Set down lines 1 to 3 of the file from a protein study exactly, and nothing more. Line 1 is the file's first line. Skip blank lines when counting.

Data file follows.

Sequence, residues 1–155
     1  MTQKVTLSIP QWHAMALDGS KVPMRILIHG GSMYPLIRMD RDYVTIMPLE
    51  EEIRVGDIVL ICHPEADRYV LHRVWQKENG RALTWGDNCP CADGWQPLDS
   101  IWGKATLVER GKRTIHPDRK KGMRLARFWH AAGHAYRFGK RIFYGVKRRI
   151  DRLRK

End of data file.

Sequence, residues 1–155
     1  MTQKVTLSIP QWHAMALDGS KVPMRILIHG GSMYPLIRMD RDYVTIMPLE
    51  EEIRVGDIVL ICHPEADRYV LHRVWQKENG RALTWGDNCP CADGWQPLDS